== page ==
PASCAL LAMY I mean it's the sort of – it's the place where the rules of the game of international trade are decided, litigated, implemented, I mean international trade is not the law of the jungle. No it's not just that the strongest gets the biggest part of the pie, it only works if there is a level playing field.
SIMON And you’ve called the WTO the UN for trade, is that how you see it applying?
PASCAL LAMY Yeah, absolutely, and it is a sort of United Nations of trade where the Security Council will be composed of 150 members.
SIMON Does it have real teeth, can the US thumb its nose at it?
PASCAL LAMY Of course it does, I mean look at recent examples between Europe and the US or between Britain and the US where the US because they have subscribed to these international rules of the game have to abide by them and if they don’t there's a litigation system and if after litigation they don’t comply trade sanctions can come, so it's a system which to the difference of many international organisations has real teeth.
SIMON Let's move to the Doha Round of Talks. The Doha round of talks began in 2001 but they were a failure when they came up in Cancun last year, why?
PASCAL LAMY Well I mean if you look at the sort of five last years we've had two unsuccessful negotiations, Sietoland, Cancun and two successful negotiations at Doha and Geneva. You've got ups and downs, I mean it's like mayonnaise it's complex, it has to be done with a sort of special cleverness and it sometimes works, sometime doesn’t work, depending on the ability of the actors to realise that at the end of the day there is some good compromise which they will be able to present at home as a win win compromise. Yes I will have to give, I had to give for instance export subsidies in agriculture which is a painful thing for us but for the price of that I get a reform of the US home bill which is a big prize for us, I get more opening in the industrial market which is a big prize for us, I get more opening in the services market, which is big prize for us. It's a compromise it sometimes works and sometimes doesn’t work like any negotiation.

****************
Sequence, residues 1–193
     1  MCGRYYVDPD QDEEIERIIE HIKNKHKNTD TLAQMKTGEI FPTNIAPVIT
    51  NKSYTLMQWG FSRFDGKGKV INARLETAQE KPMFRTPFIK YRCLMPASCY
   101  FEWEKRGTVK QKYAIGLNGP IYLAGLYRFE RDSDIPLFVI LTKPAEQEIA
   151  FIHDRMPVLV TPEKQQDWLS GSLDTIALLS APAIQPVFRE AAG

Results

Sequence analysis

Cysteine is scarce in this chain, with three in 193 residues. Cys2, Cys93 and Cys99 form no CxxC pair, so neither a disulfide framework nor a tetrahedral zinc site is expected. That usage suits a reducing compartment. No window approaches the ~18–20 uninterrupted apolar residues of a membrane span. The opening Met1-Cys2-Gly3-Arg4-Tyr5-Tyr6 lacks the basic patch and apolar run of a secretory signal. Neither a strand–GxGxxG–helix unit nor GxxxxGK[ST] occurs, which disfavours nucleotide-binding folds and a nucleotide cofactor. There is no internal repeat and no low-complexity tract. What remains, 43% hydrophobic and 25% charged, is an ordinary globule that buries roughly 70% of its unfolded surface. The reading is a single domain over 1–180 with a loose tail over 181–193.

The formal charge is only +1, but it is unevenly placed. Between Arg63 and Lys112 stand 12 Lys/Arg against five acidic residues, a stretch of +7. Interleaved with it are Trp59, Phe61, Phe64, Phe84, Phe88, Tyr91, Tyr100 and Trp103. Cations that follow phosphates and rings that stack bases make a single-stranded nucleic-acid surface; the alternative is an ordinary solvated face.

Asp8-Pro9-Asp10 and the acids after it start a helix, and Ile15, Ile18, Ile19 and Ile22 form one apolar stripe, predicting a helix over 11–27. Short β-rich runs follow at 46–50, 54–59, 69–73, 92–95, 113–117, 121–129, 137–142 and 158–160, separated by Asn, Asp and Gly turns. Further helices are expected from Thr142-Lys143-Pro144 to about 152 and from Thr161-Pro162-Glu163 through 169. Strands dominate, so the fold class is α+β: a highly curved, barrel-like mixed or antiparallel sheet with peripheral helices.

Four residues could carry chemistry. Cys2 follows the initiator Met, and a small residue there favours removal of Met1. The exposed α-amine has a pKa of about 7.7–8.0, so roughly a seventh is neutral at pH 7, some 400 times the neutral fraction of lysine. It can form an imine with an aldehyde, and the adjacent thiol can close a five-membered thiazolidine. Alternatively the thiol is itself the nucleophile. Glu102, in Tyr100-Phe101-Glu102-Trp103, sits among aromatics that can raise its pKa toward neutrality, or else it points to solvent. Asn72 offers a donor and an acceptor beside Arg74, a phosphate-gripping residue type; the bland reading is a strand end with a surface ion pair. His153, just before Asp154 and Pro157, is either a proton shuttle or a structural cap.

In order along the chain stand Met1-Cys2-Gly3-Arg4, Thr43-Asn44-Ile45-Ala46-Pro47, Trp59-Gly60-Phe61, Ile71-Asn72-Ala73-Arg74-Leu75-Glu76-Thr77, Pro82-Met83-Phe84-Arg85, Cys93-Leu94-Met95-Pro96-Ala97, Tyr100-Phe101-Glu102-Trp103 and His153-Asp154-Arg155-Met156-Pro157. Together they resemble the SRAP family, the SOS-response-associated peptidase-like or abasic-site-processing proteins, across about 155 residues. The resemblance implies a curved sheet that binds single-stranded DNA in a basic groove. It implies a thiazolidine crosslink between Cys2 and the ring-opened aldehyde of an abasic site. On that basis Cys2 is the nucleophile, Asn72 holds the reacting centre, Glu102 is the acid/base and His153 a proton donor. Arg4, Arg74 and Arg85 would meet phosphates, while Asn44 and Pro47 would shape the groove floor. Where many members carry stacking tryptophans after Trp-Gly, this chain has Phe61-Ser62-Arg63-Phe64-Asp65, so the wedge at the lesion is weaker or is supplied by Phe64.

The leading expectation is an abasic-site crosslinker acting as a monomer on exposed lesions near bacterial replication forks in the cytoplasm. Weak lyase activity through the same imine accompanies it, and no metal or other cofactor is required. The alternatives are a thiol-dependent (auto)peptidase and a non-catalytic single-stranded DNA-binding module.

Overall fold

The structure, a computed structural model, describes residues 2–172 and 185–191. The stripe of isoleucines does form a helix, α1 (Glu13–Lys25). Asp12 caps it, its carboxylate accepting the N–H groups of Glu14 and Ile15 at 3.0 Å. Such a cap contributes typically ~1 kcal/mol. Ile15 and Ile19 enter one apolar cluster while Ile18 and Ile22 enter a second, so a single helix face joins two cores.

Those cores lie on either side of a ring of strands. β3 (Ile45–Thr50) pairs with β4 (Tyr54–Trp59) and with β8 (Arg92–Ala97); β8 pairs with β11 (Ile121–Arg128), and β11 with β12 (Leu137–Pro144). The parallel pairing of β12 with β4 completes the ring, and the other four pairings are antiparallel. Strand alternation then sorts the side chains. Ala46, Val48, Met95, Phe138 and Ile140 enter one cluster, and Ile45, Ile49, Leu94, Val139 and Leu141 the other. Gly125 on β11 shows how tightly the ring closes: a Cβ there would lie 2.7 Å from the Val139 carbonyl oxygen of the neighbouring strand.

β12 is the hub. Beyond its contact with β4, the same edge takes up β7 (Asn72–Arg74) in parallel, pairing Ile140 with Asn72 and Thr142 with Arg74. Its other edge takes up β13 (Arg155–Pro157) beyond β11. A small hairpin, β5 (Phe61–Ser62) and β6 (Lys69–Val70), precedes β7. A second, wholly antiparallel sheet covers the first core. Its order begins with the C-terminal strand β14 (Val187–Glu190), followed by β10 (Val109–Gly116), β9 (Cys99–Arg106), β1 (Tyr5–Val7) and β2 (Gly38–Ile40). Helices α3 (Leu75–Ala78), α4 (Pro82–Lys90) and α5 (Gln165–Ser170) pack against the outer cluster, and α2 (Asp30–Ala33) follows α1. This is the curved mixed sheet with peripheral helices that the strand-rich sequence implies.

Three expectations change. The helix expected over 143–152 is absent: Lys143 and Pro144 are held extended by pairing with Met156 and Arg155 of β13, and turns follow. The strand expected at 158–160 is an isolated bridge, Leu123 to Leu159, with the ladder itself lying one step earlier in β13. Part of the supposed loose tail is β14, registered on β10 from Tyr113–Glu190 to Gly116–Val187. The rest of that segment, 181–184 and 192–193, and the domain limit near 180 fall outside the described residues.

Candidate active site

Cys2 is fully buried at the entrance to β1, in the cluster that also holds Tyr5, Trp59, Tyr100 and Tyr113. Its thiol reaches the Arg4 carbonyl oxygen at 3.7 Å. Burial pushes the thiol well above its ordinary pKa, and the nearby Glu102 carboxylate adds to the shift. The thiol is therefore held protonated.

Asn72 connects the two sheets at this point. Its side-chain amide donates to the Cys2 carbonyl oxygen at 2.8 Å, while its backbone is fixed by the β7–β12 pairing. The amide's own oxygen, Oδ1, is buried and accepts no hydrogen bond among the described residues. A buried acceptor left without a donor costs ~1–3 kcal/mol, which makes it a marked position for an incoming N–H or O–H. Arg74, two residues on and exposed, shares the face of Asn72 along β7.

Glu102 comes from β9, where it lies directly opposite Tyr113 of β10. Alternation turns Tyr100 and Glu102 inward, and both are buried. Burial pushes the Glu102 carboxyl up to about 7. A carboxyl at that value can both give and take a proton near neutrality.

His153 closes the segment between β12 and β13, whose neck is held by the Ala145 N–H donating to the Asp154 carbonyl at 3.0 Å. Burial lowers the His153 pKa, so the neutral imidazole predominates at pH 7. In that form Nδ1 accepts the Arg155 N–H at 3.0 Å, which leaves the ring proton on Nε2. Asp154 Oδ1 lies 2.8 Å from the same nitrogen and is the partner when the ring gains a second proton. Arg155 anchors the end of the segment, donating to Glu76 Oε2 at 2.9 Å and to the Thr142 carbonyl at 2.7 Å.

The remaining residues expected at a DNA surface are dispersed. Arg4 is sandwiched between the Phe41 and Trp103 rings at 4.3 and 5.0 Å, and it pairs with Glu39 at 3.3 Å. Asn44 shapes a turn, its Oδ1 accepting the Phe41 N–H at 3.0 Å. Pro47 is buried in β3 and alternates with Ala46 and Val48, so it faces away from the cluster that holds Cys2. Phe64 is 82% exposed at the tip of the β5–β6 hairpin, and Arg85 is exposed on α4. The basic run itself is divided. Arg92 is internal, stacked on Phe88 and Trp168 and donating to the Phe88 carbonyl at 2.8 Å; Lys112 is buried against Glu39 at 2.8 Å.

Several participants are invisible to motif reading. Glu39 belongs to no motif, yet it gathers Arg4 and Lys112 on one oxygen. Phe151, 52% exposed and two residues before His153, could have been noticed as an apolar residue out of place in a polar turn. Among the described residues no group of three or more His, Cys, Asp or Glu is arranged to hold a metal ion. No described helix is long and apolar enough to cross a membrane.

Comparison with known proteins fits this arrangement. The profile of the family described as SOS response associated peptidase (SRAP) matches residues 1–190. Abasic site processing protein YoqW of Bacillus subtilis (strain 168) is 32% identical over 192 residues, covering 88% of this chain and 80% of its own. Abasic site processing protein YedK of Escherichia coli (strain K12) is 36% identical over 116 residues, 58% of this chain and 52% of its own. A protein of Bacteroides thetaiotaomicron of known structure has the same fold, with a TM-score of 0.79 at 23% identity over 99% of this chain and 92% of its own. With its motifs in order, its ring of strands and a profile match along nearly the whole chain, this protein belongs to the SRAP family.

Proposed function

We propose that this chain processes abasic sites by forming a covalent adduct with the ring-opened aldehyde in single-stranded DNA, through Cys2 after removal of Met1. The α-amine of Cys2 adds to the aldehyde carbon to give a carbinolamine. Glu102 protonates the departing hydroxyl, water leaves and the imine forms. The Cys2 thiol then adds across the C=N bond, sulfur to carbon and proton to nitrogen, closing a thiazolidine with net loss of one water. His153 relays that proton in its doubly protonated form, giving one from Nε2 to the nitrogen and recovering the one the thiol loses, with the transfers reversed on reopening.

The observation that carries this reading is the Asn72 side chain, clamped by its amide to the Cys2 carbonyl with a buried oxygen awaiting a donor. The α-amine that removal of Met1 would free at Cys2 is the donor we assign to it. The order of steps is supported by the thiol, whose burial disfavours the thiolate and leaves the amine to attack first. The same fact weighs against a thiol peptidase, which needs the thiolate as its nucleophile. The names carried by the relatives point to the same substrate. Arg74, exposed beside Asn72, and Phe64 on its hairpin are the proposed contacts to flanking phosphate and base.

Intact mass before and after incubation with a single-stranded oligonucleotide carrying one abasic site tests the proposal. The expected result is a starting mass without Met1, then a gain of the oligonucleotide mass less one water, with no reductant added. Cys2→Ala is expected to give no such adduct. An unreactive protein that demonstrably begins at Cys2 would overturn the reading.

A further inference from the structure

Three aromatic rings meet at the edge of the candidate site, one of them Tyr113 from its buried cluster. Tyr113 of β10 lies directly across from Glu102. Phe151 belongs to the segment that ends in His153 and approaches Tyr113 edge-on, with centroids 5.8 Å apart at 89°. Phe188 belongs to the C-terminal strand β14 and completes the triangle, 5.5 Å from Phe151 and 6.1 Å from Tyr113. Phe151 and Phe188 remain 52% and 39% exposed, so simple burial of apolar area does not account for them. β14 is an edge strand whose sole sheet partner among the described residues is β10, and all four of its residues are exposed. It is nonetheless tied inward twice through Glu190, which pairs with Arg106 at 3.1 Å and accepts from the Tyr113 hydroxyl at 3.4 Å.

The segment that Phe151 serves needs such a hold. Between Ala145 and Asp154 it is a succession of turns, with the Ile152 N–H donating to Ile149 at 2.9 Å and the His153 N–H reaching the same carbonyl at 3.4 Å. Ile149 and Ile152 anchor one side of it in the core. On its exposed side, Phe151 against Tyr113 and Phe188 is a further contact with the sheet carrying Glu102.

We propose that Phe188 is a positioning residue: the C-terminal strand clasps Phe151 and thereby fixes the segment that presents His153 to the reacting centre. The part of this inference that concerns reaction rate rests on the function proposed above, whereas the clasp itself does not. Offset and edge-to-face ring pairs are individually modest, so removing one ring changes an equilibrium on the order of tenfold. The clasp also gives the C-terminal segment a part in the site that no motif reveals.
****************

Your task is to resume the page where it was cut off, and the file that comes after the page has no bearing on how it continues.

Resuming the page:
SIMON You mentioned the export subsidies being cut and how painful that is for the EU and I imagine also for the Americans, that was the success that came out of the Geneva round a couple of months ago wasn’t it?
PASCAL LAMY Yes it was.
SIMON When can we actually expect to see the export subsidies being cut, when will we get the numbers.
PASCAL LAMY This remains to be negotiated, I mean we negotiated progress so that it's step by step. We agreed in July in Geneva on the framework which sort of is like the building, we've set the founding stones, so the basement and we now need to build on that and discussing the numbers is part of the negotiation, and these numbers will have to do with other numbers elsewhere in domestic support production in agriculture in reduction of industrial tariffs, in opening of services market because it's a trade off between a variety of topics which we jointly decided are part of this negotiation.
SIMON But when you build a house though you have a timeframe to it, what's the timeframe here?
PASCAL LAMY The timeframe is the timeframe of the conclusion in the round.
SIMON Which is what now?